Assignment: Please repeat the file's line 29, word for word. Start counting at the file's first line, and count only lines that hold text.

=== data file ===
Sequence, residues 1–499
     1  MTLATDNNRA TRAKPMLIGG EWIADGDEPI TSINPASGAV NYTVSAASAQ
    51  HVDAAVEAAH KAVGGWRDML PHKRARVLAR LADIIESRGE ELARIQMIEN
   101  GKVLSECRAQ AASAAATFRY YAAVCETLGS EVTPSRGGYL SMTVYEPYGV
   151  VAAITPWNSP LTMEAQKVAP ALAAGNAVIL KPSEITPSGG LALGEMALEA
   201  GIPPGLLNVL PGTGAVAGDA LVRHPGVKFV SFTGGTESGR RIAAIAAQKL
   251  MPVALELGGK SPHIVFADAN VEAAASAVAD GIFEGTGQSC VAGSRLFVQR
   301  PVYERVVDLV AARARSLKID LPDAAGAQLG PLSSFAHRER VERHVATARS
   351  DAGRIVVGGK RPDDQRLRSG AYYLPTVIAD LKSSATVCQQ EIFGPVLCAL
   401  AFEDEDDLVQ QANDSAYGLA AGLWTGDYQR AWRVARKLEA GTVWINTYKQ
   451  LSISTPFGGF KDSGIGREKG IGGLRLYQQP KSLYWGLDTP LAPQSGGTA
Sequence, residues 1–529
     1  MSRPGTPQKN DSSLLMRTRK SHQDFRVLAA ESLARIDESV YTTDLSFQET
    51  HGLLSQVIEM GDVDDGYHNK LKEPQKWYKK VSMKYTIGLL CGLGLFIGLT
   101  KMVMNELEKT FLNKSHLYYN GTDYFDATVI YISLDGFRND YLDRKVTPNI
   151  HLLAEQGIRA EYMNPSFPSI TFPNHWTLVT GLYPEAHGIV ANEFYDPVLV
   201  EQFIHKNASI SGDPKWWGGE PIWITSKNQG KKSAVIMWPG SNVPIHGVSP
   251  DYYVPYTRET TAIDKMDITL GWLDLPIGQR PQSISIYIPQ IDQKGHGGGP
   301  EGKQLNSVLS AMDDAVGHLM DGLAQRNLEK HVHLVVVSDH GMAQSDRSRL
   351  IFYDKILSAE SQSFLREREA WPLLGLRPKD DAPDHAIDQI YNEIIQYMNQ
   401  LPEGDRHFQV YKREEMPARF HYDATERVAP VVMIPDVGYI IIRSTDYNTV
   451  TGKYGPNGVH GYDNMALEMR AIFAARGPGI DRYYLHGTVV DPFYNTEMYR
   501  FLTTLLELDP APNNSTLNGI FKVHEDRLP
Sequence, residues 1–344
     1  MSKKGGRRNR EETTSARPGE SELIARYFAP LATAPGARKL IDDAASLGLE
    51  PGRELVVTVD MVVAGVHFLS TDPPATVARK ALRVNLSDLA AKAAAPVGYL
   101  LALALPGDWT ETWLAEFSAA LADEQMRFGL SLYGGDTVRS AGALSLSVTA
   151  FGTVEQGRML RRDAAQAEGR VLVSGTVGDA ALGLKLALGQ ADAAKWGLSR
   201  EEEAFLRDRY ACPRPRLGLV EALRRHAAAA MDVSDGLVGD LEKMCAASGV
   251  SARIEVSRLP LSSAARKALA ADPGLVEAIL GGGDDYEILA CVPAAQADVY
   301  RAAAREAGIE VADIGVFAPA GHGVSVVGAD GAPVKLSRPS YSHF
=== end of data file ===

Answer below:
   201  EEEAFLRDRY ACPRPRLGLV EALRRHAAAA MDVSDGLVGD LEKMCAASGV